The Luther Burbank School District paid former Superintendent Jan Kaay, who resigned suddenly April 30, one year's salary in a settlement that required her and board members not to speak badly about each other.

The board also has decided to pay its former superintendent, Richard Rodriguez, $725 per day to act as the district's interim chief.

The one-school district, which serves about 600 students mostly from low-income and immigrant families, agreed to pay Kaay her $135,000 annual salary through April 2015. She becomes the third superintendent in just over six years that the tiny district is paying beyond their tenure.

Previously, board President Lorraine Garza had said that the board did not have any problems with Kaay. "Jan was very well loved," Garza said. "I don't know what her reason for leaving is."

Kaay could not be reached for comment. She has worked for the district since 2002, as instructional services director and as a teacher before being named superintendent.

She and the board, in the April agreement, agreed to settle differences, including legal, contractual and discrimination claims.

Both deals have angered employees, who had not been informed about the agreements. Teachers received a 2 percent raise this school year, plus a 2 percent bonus, after several years without pay raises. They've also had increased class sizes, and lost support staff such for the library and counseling.

Burbank, which serves about 33 blocks in a mostly unincorporated area of San Jose near northeast of the interchange of Interstates 280 and 880, runs one campus serving preschool through eighth grade.

During the district's spring break, with minimal public notice, the board convened two special meetings. The board does not post its agendas online. At the second one, the school board accepted Kaay's resignation and appointed Rodriguez. Surprised employees received letters afterward informing them of the change.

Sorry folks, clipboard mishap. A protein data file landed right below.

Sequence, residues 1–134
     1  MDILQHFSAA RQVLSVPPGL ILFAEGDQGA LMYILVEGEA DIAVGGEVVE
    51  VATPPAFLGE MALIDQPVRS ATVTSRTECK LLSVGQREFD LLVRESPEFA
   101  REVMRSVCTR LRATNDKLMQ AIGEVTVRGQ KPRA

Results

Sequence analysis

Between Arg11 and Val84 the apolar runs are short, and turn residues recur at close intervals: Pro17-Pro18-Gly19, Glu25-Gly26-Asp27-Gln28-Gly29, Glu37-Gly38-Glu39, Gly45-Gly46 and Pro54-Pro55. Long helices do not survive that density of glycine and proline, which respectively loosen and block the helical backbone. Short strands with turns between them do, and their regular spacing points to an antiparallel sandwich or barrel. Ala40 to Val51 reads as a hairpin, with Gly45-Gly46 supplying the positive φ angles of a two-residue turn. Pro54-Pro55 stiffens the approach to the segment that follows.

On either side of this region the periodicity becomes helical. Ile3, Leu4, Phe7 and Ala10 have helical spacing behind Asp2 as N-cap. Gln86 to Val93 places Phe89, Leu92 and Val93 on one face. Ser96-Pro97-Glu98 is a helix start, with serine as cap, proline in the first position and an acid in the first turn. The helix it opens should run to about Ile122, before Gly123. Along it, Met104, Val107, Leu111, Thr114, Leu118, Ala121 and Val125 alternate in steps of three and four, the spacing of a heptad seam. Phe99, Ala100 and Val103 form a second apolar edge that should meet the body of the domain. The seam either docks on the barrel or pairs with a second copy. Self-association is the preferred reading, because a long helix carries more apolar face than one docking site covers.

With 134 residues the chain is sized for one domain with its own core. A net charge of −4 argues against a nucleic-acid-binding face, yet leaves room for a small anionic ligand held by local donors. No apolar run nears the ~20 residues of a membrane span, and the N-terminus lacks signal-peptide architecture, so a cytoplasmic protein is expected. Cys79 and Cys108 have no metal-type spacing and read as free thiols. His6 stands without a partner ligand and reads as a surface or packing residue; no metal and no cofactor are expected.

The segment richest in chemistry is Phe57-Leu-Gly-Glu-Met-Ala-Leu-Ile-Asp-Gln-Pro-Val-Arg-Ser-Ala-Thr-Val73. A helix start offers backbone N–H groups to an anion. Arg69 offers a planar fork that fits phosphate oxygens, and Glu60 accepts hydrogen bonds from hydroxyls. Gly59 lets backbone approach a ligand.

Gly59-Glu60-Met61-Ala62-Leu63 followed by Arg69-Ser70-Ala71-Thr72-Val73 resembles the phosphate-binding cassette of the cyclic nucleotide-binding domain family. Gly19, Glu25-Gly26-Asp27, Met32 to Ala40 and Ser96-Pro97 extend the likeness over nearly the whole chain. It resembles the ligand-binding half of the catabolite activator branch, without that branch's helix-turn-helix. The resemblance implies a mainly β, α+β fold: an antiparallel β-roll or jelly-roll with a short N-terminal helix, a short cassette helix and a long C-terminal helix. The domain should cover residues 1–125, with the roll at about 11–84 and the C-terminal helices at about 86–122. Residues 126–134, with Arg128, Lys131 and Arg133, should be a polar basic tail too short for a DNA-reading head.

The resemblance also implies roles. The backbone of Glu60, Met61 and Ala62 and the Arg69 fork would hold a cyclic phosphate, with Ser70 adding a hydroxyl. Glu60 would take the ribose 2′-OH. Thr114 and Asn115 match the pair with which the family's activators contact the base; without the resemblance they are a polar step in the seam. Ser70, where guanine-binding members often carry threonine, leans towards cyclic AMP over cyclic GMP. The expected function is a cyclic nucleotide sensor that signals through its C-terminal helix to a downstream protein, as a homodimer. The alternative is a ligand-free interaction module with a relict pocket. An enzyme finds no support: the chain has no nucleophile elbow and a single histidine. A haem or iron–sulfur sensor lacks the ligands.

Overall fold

Rodriguez was ousted in 2008, when the board bought out his contract. But returned as interim superintendent in 2011 when a new board majority -- three of whom he had recruited and had campaigned for -- took power. Then he recommended the board appoint Kaay.

During her three-year tenure he has served as an unpaid adviser to the board, and had sat in on closed sessions and negotiated the teachers' contract.

While Garza had denied the board had any issues with Kaay, its attorney, Richard Noack, wrote, "There are confidential medical, personnel, and potential litigation justifications for the board's action that are not subject to disclosure under the Public Records Act. The board responsibly chose to eliminate potential liability in a way that would not have happened if Ms. Kaay's contract had simply been bought out and they believe this agreement is in the best interests of the district."

Contact Sharon Noguchi at 408-271-3775. Follow her at Twitter.com/NoguchiOnK12.



Jan Kaay separation agreement